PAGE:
INCREASING YOUR DEDUCTIBLE
“Your recent column on deductibles reminded me of what I found researching the cost of an individual health insurance policy last fall. In the most extreme case, to go from a $500 annual deductible to a $200 deductible, the monthly premium went from $115 per month to $194. The possibility of saving $300 in expenses increased the annual premiums by $948 or by 316%. Other policies had increases of 176%, 200% and 232% to go from a $500 deductible to $200.” – Erik Sten
A.T.: Moral? Check your current insurer (for health or auto or homeowners) and find out how much you could save going to a higher deductible. Often, it’s worth it.
“Another reason not to file a claim if the amount is slightly more than the deductible: I recently had to replace a broken windshield. The first thing they asked was whether I had insurance or not. The cost for replacement if they billed the insurance company – $850. If I paid out of my own pocket – $200.” – T.K.
A.T.: Depressing, no? And even where it’s not fraudulent, there’s a point to be made. My convertible roof was just slashed (again). To get a new roof is $1,500. To get a waterproof patch is $50. Because it’s a beat-up old car by now anyway, it would be dumb to go for anything but the patch. Yet by buying ‘comprehensive’ insurance (which I don’t), I am in effect paying a premium that not only covers the insurer’s overhead and profit, but also covers all the people who DO go the $1,500 route. (Well, it’s insured, so why not?) Yet another reason to self-insure, when you can afford to, and make your own economic choices.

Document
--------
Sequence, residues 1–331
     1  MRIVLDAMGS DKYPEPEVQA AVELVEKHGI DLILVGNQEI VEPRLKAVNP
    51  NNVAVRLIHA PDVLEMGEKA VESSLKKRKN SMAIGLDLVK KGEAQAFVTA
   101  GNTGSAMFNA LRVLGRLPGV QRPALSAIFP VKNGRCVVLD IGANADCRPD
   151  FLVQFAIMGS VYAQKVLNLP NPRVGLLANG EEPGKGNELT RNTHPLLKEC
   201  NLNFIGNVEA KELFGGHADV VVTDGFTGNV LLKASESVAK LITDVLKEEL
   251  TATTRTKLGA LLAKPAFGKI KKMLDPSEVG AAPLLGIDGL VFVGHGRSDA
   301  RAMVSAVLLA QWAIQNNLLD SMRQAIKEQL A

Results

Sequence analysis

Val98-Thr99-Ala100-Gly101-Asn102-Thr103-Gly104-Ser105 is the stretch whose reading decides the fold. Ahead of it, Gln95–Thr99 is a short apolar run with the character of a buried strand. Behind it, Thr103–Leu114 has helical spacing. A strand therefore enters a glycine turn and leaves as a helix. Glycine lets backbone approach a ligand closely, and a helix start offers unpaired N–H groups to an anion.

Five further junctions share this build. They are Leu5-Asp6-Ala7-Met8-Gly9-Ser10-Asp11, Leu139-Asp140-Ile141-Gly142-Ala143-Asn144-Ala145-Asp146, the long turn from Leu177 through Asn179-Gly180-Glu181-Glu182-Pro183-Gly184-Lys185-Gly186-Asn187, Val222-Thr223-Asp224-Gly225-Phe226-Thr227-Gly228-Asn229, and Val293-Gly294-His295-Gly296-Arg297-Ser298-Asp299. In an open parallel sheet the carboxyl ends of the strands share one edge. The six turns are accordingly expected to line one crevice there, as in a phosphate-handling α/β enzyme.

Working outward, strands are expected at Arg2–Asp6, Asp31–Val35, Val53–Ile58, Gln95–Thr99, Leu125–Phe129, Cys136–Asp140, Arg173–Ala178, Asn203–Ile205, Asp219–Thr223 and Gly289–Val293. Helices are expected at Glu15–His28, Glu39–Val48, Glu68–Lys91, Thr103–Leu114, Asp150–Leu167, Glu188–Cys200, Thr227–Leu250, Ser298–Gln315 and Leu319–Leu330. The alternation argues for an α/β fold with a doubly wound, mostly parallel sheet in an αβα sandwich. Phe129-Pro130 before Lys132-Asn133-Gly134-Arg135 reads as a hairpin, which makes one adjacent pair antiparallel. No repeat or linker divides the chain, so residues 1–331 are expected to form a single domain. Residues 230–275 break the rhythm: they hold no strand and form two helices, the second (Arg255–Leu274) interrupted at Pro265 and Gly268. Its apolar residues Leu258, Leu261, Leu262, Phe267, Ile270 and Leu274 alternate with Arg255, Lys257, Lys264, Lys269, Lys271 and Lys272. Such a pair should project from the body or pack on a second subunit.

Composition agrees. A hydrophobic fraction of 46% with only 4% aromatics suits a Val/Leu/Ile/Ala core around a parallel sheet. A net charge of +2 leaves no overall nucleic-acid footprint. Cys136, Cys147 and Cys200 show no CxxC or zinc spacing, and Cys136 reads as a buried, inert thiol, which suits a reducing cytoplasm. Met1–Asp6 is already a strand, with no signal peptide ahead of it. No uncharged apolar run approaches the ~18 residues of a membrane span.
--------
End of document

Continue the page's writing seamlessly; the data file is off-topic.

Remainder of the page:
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MORE TELEMARKETING TALES
From Uvarov: “A friend of mine said he told a telemarketer, ‘My favorite show ends in 10 minutes. Hold on and we’ll talk.’ The caller said, ‘FOR TEN MINUTES!!!’ He got rid of the telemarketer.
“I was a telemarketer in high school. The first call I made, inviting the woman and her husband to a dinner, she said, ‘If you don’t know, my husband is dead, and you shouldn’t be calling.’ Ouch.”
Quote of the Day
That I'm their competition.~Famed hedge fund manager Michael Steinhardt, when asked the most important thing an investor could learn from him.
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